Finally, at 10 a.m. on Oct. 22, came the boom.
Steve Thompson and his family had cleared
out of their house for a picnic at Lake Columbia, about 10 miles away.
They watched a wave spread across the water—and then through the ground
“It was like being in a boat,” says Thompson, who was 15 at the time. “There was two big waves and a bunch of ripples.”
To Brenda Foster, “It felt like the Earth just raised up and set back down.”
“The windows on the house were shaking
and rattling, and you could see the chimney on the house cracked all the
way down,” says Foster, who was a few days shy of her 10th birthday.
“That’s about all I remember of that, but I never will forget it.”
In the aftermath, about 400 people filed
claims for damages with the government, mostly for cracked plaster or
masonry. On Nobles’s father’s farm, eight miles from the blast site, two
wells quit working after the blasts. But one man, Horace Burge, found
his house was “completely destroyed,” says Nobles, who was friends with
“It broke everything on the inside of his
house, threw the stuff out of his cabinets, and messed his foundation
up,” Nobles says.
More than two years later, in December
1966, the AEC lowered the second bomb into the 110-foot hole gouged out
by the first and set it off. The smaller device went almost unnoticed at
the surface, and the scientific results weren’t spectacular, either.
Far from Latter’s predictions that a
blast as big as 100 kilotons could be kept off the scopes, Lewis says,
it turned out that decoupling “is not a worry for anything but a very
small explosion.” However, the data helped shape a later treaty which limited underground tests to 150 kilotons.
And the fact that the tests were
something of a wash is a good thing, Lewis says. A country that wanted
to start building its own nuclear weapons isn’t likely to be able to
conceal a test, even if it wanted to—and most aspiring nuclear powers,
such as North Korea, are happy to let the world know they have the Bomb.
“Iran has big salt domes,” Lewis says.
“The last thing we would want Iran to do is have confidence in how big
an explosion they could conduct without being detected. So there are
some things we’d rather not know.”
After the tests came a letdown among the
locals, Burke says. There were hopes they would help Mississippi’s
economy and land a new high-energy particle physics center, but it
eventually went to Texas. The AEC was slow to address damage claims, and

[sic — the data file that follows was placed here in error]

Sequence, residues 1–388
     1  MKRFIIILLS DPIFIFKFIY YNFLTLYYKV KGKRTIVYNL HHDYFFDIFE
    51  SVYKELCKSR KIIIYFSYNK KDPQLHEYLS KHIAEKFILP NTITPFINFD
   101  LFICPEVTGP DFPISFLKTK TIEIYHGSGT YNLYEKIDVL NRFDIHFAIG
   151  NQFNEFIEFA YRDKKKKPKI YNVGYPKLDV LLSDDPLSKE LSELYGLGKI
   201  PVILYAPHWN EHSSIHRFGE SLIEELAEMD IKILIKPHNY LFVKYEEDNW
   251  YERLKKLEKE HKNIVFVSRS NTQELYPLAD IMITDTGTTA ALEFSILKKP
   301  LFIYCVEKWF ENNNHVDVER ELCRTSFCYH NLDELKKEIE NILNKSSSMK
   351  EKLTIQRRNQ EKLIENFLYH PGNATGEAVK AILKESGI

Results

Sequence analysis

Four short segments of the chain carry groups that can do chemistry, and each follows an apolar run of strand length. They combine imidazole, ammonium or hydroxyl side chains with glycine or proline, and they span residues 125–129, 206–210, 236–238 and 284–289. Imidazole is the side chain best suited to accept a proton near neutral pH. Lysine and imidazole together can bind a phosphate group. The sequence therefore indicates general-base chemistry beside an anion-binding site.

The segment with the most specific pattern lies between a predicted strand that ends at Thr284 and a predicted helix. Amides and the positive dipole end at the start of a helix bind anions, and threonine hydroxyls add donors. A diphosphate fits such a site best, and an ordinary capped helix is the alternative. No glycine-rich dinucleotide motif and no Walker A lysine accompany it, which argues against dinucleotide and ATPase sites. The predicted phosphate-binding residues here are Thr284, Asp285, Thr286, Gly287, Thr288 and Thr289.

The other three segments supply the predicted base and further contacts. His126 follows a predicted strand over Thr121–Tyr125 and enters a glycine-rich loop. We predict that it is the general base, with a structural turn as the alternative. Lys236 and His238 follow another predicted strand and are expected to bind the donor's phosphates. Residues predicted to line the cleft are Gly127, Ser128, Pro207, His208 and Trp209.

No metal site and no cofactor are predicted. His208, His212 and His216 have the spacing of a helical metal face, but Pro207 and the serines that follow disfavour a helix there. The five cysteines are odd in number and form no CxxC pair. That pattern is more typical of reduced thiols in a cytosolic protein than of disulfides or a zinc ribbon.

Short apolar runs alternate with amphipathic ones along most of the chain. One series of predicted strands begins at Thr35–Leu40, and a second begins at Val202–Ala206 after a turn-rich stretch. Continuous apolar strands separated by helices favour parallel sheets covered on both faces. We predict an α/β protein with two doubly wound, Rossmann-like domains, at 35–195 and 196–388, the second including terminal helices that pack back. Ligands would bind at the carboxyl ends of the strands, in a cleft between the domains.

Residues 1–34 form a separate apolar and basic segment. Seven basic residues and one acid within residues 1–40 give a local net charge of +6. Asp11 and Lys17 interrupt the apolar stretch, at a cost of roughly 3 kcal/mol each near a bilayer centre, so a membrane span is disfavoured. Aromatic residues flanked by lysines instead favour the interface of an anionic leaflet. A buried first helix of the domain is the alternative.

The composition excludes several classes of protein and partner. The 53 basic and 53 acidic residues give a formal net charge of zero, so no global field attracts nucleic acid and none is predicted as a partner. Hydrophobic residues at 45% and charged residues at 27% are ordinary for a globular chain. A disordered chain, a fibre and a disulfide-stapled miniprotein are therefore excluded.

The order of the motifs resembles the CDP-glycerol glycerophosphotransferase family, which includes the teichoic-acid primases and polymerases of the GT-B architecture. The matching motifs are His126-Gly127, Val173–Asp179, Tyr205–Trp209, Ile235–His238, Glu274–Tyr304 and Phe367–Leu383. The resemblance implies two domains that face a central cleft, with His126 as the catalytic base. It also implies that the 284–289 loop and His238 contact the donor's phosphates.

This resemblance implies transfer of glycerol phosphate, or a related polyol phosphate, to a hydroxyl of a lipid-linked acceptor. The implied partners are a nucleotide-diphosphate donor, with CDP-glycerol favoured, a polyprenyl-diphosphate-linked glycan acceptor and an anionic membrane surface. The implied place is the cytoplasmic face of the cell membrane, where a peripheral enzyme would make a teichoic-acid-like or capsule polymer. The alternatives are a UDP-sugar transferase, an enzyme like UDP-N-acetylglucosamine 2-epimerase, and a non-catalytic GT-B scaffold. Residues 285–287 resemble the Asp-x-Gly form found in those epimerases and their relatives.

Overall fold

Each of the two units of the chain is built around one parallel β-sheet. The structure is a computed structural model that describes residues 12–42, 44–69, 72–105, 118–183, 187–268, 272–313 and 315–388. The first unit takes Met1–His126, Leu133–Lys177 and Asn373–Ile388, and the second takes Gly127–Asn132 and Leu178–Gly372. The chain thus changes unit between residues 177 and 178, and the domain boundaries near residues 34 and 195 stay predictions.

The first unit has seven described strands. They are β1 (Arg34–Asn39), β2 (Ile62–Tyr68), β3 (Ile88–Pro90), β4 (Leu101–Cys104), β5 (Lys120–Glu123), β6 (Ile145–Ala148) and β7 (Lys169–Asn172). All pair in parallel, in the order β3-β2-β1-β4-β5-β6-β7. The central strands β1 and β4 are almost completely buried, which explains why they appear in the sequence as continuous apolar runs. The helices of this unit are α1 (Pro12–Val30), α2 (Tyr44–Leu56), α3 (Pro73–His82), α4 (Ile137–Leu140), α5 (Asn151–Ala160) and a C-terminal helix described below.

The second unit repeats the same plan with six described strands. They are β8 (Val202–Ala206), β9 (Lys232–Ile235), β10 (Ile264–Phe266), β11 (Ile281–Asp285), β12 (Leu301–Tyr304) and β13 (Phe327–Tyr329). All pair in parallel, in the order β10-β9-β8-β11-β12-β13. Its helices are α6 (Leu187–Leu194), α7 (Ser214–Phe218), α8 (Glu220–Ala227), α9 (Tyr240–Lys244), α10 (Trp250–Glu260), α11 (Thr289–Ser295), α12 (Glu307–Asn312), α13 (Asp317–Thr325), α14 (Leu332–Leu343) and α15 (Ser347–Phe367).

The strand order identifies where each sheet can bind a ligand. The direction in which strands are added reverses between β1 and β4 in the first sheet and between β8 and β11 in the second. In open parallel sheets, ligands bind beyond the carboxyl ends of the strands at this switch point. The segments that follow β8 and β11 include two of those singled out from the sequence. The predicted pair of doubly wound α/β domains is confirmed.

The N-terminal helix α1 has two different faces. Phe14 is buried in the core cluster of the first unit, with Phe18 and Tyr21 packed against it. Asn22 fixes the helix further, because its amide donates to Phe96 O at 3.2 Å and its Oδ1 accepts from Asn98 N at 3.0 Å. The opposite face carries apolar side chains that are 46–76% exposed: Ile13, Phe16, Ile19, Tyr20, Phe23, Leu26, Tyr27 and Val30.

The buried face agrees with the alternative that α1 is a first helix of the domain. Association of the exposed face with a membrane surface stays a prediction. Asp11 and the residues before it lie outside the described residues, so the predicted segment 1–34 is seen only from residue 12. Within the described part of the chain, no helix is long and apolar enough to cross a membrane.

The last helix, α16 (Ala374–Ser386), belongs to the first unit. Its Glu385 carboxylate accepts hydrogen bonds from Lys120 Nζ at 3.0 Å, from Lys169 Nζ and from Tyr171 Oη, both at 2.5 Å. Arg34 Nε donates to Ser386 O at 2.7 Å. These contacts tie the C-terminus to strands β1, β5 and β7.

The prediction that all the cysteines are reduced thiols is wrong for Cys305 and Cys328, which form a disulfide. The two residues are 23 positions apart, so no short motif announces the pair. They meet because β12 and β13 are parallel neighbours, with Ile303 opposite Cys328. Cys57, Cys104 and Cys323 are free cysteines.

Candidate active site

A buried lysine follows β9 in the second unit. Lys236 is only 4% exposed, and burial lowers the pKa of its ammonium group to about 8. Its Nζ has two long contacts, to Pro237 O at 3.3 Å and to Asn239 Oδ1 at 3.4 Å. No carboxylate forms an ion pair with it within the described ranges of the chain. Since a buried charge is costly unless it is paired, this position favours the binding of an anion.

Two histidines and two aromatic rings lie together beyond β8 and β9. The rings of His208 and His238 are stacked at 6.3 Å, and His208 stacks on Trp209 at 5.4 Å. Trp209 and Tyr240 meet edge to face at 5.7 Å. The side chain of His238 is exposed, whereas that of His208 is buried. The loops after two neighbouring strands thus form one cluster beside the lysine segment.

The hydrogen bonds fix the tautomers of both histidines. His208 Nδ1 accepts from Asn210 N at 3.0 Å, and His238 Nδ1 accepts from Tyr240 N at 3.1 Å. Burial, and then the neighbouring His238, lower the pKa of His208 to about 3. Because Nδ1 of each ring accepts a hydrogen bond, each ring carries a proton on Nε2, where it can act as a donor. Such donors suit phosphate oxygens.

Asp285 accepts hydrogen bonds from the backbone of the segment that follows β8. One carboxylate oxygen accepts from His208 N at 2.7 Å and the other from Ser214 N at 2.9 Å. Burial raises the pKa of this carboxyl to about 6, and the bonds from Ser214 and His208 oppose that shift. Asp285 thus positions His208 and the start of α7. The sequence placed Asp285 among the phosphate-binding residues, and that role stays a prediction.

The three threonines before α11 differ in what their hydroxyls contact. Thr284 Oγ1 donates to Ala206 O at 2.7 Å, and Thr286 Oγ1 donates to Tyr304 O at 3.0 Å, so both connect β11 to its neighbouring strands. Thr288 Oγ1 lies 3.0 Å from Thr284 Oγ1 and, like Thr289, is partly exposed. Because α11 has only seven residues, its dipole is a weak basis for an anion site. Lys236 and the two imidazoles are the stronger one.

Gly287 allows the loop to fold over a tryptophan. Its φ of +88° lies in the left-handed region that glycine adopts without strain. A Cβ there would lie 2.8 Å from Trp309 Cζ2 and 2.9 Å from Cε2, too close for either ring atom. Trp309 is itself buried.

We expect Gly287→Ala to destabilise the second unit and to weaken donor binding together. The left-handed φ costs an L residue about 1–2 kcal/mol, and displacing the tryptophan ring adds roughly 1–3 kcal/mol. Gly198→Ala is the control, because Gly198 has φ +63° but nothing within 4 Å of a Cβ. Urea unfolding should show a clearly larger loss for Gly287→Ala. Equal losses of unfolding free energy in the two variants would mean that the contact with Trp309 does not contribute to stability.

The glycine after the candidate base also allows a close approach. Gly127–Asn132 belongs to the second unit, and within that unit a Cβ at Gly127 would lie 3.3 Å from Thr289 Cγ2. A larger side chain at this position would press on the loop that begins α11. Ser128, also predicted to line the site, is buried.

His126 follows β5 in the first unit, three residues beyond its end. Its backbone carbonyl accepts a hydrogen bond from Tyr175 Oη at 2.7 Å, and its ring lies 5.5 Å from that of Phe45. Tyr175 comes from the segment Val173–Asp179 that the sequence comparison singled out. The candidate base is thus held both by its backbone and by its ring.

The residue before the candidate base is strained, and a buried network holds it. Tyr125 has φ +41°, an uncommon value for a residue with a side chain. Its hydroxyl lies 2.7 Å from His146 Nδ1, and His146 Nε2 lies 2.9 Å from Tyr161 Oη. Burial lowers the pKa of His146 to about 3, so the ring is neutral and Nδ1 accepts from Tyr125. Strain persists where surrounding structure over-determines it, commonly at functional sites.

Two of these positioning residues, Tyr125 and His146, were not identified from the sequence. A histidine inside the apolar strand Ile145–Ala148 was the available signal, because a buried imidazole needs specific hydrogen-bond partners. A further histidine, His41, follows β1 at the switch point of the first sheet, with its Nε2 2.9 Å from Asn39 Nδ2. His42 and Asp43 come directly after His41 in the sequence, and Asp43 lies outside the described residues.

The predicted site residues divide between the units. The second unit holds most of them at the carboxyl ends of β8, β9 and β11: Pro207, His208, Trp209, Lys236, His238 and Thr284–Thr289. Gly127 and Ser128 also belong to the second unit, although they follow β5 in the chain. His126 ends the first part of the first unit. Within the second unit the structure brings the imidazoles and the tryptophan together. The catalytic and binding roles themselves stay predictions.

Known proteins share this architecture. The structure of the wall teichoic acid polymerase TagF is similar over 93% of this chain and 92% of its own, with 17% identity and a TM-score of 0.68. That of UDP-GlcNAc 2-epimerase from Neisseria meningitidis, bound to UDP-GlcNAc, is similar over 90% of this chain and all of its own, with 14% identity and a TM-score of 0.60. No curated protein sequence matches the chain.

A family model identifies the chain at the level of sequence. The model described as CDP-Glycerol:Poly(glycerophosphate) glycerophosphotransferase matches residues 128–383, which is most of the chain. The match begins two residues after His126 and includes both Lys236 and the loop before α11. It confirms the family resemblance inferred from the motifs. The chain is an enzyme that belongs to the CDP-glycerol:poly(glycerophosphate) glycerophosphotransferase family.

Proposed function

as the work wound down at the site, “the locals were no longer being
involved in things,” he says.
And some people feared the bombs left
behind more than a hole in the ground. Everyone seemed to know someone
who died of cancer, including Breshears’s uncle, who regularly ate fish
he caught nearby.
“Everybody was happy, everybody was
laughing and talking and happy,” Breshears says. “Then it was probably
five or six years, people started mumbling about ‘What did they do?’”
Most of the radioactive waste produced by
the blast was fused into the surrounding salt. But in early 1965, a mix
of water and acid poured into the still-hot cavity caused a burst of
contaminated steam to spew out of the hole. Drilling into the chamber
between and after the tests brought up irradiated chunks of salt, dirt,
and drilling fluid, which were dumped back into the cavity or injected
In 1989, after residents complained to
then-U.S. Senator Trent Lott, the state looked at cancer rates in the
area. The results were inconclusive,
but the federal government eventually built water lines to nearby homes
to replace old wells. Federal records now indicate cancer rates in
Lamar County are lower than both the state and national average.
Today, a chest-high granite monument
marks the spot where the bombs went off below. It’s tucked away in a
clearing down two miles of sandy dirt road, and the buildings and
equipment that neighbored it are long gone. The surrounding 1,450 acres
are a state timber preserve where conservation officials are trying to
bring back the native longleaf pines, quail, and black bears.
The marker is surrounded by test wells
for the local groundwater, which gets analyzed regularly for signs of
contamination by tritium, a radioactive form of hydrogen. Despite the
fears of local residents, the results
are well below the maximum safe limit set by the federal government,
and often too low to detect. Before the state took over the site in
2010, scientists also took samples from dozens of surrounding trees to
test for radioactivity, and found nothing.
The United States and the Soviets halted
nuclear testing in the early 1990s, as the Cold War wound down. Only
India, Pakistan, and North Korea have lit off nukes since then, and
nearly 200 countries have joined a treaty swearing off future tests. (The United States has yet to ratify the pact.)
Burke said the detonations that shook
Lamar County not only contributed to arms-control treaties, but helped
build a network of scientific instruments that has life-saving
applications today, such as estimating tsunami risks after an
“This stuff has saved a
lot of lives,” he said. “I think that properly understood, that’s
something the people around that site have a reason to be proud of.”